Single or Whole Beat? | Wim Winters Uncovers how Beethoven has been Performed WRONG for Centuries | The Cave of Apelles

Have you ever wondered why classical music always seems to be performed too fast in the concert halls? Wonder no more.
Wim Winters, an organist and pianist from Belgium, challenges modern performance practice of Beethoven, Chopin and others from the Classical period via his controversial YouTube channel Authentic Sound.
Winters’ point is simple: the metronome indications of works by the likes of Beethoven have been misread for more than a century, a claim made evident by historical proof that the current tempi is up to twice as fast as the original (!)
Pianists today need physiotherapy in their attempts to follow painstaking speeds and even the fastest fall short.
Among Winters’ numerous reconstructions are Beethoven’s Fifth Symphony and Moonlight Sonata, at first appearing shockingly slow.
But on closer inspection, could it be that only a return to the original tempi will release the true emotional potential of the Western musical canon?

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Chapter markers:
01:34 Authentic Sound and modern performance practice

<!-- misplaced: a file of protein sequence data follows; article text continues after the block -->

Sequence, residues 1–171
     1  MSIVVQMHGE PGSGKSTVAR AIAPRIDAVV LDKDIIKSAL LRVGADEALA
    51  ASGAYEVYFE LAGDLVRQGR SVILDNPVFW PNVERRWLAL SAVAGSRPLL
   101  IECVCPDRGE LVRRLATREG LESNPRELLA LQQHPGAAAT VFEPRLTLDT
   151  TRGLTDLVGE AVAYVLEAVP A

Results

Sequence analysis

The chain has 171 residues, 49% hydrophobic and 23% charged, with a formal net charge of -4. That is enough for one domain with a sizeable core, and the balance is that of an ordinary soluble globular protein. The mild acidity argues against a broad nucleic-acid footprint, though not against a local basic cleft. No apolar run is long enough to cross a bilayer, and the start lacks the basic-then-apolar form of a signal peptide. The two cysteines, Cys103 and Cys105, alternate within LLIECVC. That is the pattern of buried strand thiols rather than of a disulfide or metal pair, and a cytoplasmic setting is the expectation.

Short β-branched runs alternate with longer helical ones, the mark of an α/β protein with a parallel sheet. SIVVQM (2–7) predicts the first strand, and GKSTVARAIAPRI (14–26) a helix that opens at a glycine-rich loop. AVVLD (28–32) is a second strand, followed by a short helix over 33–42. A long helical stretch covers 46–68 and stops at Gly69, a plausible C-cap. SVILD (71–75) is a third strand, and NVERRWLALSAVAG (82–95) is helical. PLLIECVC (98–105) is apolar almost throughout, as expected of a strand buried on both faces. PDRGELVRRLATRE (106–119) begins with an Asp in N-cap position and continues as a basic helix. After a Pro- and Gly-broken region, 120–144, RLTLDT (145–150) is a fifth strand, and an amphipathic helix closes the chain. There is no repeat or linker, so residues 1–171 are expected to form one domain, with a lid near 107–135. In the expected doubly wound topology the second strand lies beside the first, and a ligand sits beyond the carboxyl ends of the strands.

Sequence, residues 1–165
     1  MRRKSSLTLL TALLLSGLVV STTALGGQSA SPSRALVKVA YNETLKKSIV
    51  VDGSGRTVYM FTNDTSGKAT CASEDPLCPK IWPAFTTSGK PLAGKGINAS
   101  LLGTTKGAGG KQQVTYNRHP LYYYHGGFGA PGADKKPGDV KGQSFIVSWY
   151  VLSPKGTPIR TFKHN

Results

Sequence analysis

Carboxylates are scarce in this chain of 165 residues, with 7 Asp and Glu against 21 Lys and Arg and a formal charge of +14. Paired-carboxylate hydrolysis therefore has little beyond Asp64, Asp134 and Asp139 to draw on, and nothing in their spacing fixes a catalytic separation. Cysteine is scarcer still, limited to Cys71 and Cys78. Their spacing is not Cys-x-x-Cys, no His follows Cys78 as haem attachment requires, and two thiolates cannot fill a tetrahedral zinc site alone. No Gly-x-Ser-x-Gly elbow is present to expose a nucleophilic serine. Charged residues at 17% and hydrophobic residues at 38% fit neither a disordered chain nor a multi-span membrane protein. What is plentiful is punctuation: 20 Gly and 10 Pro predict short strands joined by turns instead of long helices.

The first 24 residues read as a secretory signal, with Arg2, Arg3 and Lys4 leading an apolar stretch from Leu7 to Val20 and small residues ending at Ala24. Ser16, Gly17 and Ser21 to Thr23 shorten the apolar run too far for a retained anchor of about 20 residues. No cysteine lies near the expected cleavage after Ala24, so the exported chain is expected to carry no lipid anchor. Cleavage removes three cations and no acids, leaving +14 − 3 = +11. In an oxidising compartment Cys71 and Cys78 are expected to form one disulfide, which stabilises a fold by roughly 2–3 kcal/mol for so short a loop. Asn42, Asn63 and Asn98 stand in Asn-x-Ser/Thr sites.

05:15 Choice of tempo and the certainty of metronome marks
08:38 The original tempo indication vs Single or Half Beat
15:13 Modern performances: even the fastest fall short
19:21 “Beethoven’s broken metronome”
21:43 Historical sources for Whole Beat
27:11 When did performance speeds increase and why?
32:58 Can you play faster than humanly possible? Win €5.000!
34:21 What is physically possible to play and perceive?
40:00 Life-long injuries, worn-out brains and loss of joy
45:14 Whole beat is natural for us
51:00 “Mozart is being killed” (1839 warning)
54:50 Cooperation with Lorenz Gadient
1:01:56 Whole Beat reviving classical music
1:09:40 “When you slow down, you play faster”
1:14:11 Paradigm shifts are initiated by outsiders

This episode featured Wim Winters & Jan-Ove Tuv and was filmed and edited by Bork Nerdrum.
The centerpiece was a reproduction of the Beethoven portrait by Joseph Karl Stieler.


Fergus Ryan
Shaun Roberts
Matthias Proy
Børge Moe
Eivind Josten

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  • Apelles was asked why he touched and retouched his pictures with so much care, to which he replied:
    "I paint for eternity"